B.C. students in Grades 4 and 7 will be writing standardized tests this month and next in reading, writing and numeracy amid continuing arguments by adults about whether the tests are worthwhile.
Known as the Foundation Skills Assessment (FSA), the tests are intended to provide a snapshot of student performance in B.C. that will help the Education Ministry, school districts, schools and school planning councils identify strengths and address weaknesses in the system.
The tests, which take 4.5 hours to write, will be administered until Feb. 20. The ministry says it will deliver confidential reports to parents before the end of March, advising them whether their students are meeting, exceeding or not meeting expectations in those key subjects.
Results from these tests do not count for grades.
The ministry also produces FSA reports for schools and school districts. Detailed reports indicating which skills might still need attention in each school can be found on the website of Edudata Canada, a UBC research centre.
In addition to providing data to assist with school improvement, the FSA results are also used by researchers studying aboriginal student achievement, special needs, child development, school choice and school effectiveness, the ministry says.
The FSA has been the subject of debate for years, and that discussion became particularly intense after the Fraser Institute began in 2003 to use the results annually to rank schools.
The B.C. Teachers’ Federation (BCTF) and other education partners contend that the rankings are unscientific and invalid because no single set of tests can define a school. The union prefers a random-sample test that would still provide an external measure of student performance province-wide but would deny the Fraser Institute the detailed data it needs to rank schools.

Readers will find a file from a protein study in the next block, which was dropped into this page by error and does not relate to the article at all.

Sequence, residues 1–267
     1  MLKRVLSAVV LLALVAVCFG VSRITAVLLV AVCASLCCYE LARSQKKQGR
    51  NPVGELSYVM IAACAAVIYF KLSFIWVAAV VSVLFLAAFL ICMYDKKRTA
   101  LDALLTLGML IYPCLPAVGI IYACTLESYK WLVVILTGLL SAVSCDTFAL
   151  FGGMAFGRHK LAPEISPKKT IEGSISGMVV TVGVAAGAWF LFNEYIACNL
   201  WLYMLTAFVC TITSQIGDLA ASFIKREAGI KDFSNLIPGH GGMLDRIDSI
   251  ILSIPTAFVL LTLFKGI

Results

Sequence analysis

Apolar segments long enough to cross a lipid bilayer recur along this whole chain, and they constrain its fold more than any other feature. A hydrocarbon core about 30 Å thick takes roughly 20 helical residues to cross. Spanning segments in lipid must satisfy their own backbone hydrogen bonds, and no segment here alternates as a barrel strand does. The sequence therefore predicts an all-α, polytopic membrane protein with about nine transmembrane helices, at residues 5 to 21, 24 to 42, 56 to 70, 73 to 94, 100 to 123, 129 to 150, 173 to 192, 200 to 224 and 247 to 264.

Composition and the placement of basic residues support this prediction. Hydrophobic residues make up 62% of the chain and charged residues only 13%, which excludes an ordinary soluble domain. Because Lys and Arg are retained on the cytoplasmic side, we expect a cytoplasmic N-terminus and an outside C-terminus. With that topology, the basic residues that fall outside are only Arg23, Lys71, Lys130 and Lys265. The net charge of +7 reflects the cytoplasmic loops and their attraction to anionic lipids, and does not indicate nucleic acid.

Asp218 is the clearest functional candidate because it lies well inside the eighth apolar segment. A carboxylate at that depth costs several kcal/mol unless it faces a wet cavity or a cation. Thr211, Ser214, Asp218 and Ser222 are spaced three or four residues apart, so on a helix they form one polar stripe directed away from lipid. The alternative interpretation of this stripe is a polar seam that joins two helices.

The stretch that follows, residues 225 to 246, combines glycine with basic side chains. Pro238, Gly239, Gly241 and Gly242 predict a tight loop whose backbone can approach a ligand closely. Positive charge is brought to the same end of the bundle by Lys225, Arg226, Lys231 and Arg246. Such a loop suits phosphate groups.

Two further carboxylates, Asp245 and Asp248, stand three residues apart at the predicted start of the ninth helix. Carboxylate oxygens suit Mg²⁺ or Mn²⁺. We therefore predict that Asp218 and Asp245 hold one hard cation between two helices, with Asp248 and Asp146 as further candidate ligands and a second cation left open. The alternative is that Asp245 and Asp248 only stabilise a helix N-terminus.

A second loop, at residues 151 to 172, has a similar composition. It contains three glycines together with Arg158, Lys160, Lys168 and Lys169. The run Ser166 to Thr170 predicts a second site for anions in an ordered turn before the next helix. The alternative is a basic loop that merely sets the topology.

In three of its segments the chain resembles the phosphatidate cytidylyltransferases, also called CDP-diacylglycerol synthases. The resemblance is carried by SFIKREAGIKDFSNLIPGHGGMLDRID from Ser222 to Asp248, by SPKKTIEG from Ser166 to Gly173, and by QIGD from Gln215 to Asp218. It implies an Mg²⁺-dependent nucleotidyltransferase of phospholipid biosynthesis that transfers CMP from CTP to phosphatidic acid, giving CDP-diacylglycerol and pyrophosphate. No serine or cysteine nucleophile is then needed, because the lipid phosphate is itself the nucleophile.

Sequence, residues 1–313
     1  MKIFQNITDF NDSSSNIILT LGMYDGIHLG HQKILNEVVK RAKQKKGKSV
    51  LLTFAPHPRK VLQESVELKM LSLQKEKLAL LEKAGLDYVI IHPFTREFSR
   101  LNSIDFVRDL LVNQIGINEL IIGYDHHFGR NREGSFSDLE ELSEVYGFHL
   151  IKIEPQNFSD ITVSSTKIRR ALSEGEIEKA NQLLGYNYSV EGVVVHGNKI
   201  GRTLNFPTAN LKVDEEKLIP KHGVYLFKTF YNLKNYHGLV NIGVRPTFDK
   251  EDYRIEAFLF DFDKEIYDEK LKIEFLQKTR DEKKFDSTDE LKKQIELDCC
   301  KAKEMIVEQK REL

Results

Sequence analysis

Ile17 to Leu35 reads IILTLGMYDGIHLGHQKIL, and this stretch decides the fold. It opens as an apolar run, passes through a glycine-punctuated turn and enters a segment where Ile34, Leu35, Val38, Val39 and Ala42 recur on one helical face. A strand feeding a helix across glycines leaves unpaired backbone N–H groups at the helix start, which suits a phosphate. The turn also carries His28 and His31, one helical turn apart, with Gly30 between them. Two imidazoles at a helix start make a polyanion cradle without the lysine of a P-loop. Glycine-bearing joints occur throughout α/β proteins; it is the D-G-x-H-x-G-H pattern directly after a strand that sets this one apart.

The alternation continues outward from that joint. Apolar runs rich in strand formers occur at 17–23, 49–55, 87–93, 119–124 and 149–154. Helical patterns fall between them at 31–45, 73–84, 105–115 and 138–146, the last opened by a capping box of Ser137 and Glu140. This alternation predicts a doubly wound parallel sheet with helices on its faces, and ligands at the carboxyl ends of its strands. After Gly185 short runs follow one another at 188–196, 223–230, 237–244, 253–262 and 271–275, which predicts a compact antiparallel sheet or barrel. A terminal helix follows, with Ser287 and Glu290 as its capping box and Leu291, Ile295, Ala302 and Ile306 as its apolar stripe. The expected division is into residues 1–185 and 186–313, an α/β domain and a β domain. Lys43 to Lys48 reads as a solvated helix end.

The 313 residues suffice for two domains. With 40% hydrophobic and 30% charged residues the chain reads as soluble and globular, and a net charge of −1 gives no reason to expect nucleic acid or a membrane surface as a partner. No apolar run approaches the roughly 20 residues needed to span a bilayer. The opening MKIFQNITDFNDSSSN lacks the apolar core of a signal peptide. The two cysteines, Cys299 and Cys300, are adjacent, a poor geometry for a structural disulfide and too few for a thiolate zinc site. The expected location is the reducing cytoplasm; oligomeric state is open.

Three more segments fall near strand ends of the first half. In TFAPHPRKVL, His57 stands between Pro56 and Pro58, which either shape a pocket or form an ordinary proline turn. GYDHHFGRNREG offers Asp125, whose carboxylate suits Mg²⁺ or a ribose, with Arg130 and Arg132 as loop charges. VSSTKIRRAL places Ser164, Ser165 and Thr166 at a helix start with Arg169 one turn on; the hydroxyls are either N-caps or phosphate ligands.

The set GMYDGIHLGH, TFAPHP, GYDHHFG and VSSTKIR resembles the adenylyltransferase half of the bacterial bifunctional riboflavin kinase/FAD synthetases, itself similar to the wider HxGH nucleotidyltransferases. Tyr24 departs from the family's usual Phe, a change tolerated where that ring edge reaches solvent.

For the FSA data to be relevant, the ministry requires all students (except those with exceptional special needs and those who can’t speak English) to participate. But parents may seek exemptions when there is a family emergency, a lengthy illness or “other extenuating circumstances.”
The BCTF regularly asks parents to use that last excuse to withdraw their children from the tests and last year the provincial participation rate averaged 84 per cent. In some districts, such as Vancouver and Sooke, roughly one in three students didn’t write the tests.
BCCPAC supports the FSA but, like other education partners, opposes the Fraser Institute’s rankings. In recent years, it has passed resolutions urging the government to:
– Continue releasing FSA results to parents, schools and school districts but not to the general public “in order to stop outside organizations from using/manipulating the data to support their needs.”
– Respect the right of parents to decide whether their students should participate in the tests.
– Meet with parent and teacher representatives to discuss how to restore confidence in the FSA.
– Follow up on poor FSA results and offer schools assistance in addressing problems identified by the tests.
More details are available in the BCCPAC information kit.